Vinyl/Digital Transfers Vs. Screenprinting
Both options will give you a high quality, long lasting product, and in most cases either option will work just as well as the other.
VINYL/DIGITAL TRANSFERS: Vinyl is well suited for very small runs (which we would consider anything from 1 to 12 shirts), this is because the set up time is much quicker than that of screen printing. This doesn’t make it a faster overall method though, as every shirt still requires individual set up, which becomes too time consuming beyond the 12 shirt mark.
SCREENPRINTING: Costs more for small runs, as it takes much longer to setup than vinyl. Once the setup is finished though, nothing will need to change from shirt to shirt (as long as the design stays the same), making it much quicker to print larger orders.
Image Detail and Colours
VINYL: Simple graphics work best with vinyl, think 1 or 2 coloured, text based pieces, or basic shapes. Need numbers for your sports singlets? Perfect!
DIGITAL TRANSFERS: Have lots of colours or gradient/shaded colours in your design? These are best used for lots of colours where screenprinting is just not suitable or cost effective. You cannot cut around small text on digital transfers, we include a small background behind the text, usually matched to the colour of the garment.
SCREENPRINTING: Screen printing allows for a much higher level of detail, great for small text. A gradient/shaded effect cannot be achieved. Up to 6 colours can be printed in one design. The price increases per colour.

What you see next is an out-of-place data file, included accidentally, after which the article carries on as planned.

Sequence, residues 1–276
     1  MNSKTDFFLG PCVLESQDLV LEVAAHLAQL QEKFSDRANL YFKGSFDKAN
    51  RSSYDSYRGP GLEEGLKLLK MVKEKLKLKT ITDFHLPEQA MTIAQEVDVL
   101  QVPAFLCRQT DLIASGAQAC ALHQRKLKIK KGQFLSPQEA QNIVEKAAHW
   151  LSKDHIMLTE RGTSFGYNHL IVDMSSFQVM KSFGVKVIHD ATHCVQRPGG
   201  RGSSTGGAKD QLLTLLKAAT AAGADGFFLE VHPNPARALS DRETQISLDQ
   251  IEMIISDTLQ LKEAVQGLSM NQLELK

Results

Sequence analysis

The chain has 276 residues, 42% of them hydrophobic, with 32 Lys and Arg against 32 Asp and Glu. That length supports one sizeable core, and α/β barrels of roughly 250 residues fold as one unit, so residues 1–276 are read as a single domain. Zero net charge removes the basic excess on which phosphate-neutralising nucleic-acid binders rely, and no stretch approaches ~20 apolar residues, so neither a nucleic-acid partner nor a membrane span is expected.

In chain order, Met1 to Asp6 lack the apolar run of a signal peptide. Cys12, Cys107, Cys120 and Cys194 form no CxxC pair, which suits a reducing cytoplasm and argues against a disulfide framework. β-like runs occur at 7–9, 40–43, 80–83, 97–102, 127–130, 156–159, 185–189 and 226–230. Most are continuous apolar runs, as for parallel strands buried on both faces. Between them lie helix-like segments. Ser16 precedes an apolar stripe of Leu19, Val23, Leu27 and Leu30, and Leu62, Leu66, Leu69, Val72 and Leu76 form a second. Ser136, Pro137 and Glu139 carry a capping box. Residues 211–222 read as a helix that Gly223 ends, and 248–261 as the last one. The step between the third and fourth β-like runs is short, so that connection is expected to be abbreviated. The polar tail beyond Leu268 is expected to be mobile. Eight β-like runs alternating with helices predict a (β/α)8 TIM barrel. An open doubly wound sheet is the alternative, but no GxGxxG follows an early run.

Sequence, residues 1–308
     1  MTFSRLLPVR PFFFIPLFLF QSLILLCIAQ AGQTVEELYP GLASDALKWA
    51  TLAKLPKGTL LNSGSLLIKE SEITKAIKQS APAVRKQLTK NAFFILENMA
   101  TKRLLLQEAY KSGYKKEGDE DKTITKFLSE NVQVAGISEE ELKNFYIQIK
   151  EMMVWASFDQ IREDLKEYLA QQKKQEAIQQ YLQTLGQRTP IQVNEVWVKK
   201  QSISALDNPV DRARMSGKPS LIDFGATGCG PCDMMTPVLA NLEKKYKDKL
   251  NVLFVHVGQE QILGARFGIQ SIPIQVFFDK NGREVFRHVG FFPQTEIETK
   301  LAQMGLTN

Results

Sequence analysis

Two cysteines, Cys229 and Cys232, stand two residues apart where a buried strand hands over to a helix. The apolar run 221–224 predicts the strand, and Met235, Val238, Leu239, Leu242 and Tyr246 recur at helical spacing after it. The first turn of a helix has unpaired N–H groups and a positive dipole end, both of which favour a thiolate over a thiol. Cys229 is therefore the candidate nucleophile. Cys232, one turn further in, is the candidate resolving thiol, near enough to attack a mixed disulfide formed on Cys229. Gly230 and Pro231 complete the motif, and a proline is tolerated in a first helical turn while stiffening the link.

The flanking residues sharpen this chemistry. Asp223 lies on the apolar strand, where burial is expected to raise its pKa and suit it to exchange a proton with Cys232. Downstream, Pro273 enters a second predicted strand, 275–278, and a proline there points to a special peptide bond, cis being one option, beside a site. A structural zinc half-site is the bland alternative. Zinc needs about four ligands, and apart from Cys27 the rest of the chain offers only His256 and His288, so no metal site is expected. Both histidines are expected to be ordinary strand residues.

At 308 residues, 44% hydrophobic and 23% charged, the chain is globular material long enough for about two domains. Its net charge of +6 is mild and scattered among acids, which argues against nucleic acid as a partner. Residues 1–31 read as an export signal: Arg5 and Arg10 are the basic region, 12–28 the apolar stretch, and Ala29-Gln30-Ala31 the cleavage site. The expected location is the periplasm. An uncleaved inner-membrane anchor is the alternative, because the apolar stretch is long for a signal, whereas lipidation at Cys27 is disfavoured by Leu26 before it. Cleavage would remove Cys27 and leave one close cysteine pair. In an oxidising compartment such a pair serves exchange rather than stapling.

A common question we are asked, is what is the lifespan of vinyl heat transfers and digital transfers compared to screenprinting.
Both methods should last years under normal use.
VINYL/DIGITAL TRANSFERS: Vinyl heat transfers and digital transfers applied to t-shirts should last years under normal use when the following care instructions are adhered to:
- Do not dry clean
- Machine wash WARM w/mild detergent
- Dry at normal setting
- No chlorine bleach
- Wait 24 hours before first wash
SCREENPRINTING: Screenprinted graphics should last the life of the garment under normal use.
Neither method should be ironed.
The Decision Factor
So a lot of the decision will come down to the number of garments being produced.
For small batches, say fewer than 12, it may be cheaper to go with a heat transfer process, but with larger quantities, the times savings will counteract the set up cost and you will wind up paying less all together.
The other deciding factor is the type of artwork you would like to print.
Both of these play a large part in the price of your new uniforms.
Contact us if you have any questions.